1. Do – At sign of bleeding, immediately apply compression to the site and remain there for a couple of minutes to prevent the spreading of blood into the tissues or mucous membrane.  If bleed is significant a haematoma can easily form, so don’t be too eager to move on before the bleed is stemmed.
  2. Do – Elevation would normally be advised should this be a limb but as most of our treatments involve the face staying upright for at least a couple of hours should be encouraged and sleeping on their back or unaffected side, if possible, the first night.
  3. Do – Encourage the patient for the next 24 hours or longer if significant bleeding or haematoma occurred to rest.  Elevation of the heart rate and blood pressure will agitate the bruise so advice against exercise or extreme heat from steam rooms, saunas etc.
  4. Do – Gently hold an ice pack or pack of frozen peas wrapped in a tea towel to the affected area for 10- 20 minutes at a time and repeat regularly for next couple of days particularly if the eye is involved.
  5. Do not – Do not put Ice directly onto the skin.
  6. Do – Take simple analgesia such as paracetamol or ibuprofen if there is pain but where possible avoid ibuprofen or aspirin unless required as this can encourage bleeding.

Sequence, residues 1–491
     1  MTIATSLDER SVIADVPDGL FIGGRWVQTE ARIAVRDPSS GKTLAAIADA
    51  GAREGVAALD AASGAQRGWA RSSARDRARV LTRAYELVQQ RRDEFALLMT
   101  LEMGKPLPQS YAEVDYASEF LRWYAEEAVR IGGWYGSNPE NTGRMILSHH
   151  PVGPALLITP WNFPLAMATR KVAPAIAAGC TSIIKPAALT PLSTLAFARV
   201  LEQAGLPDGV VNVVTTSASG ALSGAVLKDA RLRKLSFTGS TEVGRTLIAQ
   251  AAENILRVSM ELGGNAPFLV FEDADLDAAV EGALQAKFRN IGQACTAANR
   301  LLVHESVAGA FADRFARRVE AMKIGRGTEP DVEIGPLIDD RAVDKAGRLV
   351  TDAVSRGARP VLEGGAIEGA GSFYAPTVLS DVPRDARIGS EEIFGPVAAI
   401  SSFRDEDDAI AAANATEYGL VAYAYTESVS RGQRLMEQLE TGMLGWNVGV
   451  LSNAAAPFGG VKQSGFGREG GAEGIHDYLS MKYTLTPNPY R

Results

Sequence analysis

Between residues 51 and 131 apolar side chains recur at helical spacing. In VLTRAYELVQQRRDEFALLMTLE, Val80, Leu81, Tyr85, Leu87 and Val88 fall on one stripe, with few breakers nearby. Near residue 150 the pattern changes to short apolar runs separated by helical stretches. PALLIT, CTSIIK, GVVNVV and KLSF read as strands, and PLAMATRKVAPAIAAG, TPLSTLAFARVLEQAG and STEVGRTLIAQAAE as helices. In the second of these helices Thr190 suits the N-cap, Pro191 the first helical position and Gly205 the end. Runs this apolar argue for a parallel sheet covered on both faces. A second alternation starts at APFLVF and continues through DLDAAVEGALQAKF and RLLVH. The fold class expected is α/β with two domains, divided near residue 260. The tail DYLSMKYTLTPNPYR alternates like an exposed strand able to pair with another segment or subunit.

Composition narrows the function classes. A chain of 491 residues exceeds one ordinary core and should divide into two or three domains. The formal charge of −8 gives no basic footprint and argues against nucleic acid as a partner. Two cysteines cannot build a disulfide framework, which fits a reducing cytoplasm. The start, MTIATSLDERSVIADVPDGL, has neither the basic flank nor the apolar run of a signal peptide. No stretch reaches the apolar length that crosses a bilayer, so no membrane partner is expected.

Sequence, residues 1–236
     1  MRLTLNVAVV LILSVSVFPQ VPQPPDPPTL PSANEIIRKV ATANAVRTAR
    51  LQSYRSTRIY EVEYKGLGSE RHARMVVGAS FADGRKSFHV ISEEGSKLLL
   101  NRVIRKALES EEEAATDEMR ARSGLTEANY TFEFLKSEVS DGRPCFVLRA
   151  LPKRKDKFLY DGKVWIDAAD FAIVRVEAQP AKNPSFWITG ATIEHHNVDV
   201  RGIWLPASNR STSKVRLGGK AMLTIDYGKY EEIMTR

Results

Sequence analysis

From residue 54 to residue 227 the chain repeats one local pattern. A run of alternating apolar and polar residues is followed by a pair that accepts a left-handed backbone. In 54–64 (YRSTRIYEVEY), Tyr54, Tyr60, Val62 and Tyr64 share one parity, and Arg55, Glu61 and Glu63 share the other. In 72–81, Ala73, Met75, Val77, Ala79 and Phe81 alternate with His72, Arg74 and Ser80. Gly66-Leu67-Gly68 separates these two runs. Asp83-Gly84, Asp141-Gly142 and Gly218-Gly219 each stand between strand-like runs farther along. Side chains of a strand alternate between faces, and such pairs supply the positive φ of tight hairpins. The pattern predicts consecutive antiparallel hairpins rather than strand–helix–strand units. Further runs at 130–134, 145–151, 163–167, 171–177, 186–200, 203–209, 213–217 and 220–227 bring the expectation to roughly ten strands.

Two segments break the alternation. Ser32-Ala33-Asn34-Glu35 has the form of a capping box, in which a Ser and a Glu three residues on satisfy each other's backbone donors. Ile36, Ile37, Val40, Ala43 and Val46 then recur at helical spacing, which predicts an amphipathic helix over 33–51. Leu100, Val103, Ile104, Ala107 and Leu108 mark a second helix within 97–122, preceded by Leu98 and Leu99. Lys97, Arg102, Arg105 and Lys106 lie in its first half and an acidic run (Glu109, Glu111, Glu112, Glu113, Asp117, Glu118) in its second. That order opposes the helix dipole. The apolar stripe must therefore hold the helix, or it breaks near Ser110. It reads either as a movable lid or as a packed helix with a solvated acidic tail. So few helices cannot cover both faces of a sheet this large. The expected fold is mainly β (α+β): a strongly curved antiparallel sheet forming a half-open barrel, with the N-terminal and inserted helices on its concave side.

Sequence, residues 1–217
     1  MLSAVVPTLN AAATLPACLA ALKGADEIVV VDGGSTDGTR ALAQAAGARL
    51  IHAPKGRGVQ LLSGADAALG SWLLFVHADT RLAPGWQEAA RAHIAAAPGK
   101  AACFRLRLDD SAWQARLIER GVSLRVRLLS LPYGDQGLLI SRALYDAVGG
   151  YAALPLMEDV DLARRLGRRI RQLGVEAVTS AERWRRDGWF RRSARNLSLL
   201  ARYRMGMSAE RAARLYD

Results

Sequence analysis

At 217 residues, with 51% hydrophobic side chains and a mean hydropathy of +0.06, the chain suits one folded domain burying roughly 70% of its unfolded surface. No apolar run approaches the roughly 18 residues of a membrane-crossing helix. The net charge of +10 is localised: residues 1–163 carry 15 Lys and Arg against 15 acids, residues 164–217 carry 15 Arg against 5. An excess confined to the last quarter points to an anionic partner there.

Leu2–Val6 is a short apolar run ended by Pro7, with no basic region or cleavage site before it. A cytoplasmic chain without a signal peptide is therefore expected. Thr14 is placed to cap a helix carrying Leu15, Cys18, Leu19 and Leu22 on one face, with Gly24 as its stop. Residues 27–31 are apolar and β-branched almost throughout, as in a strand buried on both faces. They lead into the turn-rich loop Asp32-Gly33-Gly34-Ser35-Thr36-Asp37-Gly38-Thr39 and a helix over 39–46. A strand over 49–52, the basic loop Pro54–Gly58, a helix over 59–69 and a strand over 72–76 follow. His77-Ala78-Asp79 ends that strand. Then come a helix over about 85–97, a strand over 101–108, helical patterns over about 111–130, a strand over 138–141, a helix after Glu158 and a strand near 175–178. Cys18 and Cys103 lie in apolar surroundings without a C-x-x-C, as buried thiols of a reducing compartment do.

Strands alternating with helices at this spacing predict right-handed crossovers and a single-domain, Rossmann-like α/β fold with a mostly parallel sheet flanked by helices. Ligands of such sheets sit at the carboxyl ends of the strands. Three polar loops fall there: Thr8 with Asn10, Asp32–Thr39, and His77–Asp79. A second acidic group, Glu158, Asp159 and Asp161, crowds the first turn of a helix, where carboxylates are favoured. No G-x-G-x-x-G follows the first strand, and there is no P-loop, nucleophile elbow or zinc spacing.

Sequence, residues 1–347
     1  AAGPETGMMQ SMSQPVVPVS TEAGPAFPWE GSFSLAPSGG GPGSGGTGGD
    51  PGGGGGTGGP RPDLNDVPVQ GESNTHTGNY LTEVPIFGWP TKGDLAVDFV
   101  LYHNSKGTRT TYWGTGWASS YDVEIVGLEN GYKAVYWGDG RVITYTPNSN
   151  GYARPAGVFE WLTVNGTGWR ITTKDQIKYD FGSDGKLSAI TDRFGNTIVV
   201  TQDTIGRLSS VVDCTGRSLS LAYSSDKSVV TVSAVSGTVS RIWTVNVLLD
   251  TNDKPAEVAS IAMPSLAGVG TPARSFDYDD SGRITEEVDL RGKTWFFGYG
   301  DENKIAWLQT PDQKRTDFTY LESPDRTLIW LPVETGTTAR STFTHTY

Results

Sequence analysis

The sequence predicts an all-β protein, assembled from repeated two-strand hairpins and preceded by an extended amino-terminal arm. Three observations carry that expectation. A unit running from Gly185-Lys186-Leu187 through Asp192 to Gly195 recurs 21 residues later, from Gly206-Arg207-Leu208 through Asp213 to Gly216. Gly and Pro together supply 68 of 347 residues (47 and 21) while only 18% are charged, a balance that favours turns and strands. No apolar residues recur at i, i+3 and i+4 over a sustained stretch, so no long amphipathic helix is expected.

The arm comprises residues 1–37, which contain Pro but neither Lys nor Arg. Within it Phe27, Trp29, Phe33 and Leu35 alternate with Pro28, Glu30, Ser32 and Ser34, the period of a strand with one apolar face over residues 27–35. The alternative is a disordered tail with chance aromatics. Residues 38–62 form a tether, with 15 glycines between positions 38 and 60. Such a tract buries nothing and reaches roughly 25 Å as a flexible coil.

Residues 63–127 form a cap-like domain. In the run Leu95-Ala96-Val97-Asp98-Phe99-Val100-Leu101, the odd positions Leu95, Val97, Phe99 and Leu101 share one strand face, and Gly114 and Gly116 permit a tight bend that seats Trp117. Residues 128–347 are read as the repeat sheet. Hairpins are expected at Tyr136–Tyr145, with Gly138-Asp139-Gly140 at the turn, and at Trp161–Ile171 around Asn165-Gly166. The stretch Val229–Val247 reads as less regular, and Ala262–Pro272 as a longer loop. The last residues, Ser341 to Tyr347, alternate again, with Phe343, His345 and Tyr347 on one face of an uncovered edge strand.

7. Do not – Do not stop taking aspirin if this is prescribed by a doctor for their health needs.
  8. Do – After a 48 hour period switching over to a warm compress (not hot) is advised and applied to the affected area regularly throughout the days following.
  9. Do not – Do not press or rub the affected area especially if it is around the eye.
  10. Do – Apply makeup to conceal any bruising if desired after 24 hour

Less frequent management

Management of a haematoma is usually the same as a bruise but may take longer to reach resolution, in some cases some very large haematomas can be drained with a needle and syringe if dealt with swiftly, before the blood becomes a solid clot.  But this procedure can also cause additional bleeding and bruising too.  Very rarely does surgical intervention have to be sought.

The use of injecting hyaluronidase into a haematoma to break it down is another practice opted by some practitioners, however this comes with risk of further bleeding and bruising and potential allergic reaction – therefore most practitioners opt to allow nature to take its course and allow the body to naturally break down the clot over the next couple of weeks or months in some cases.  Verbal and written reassurance is often required for these patients.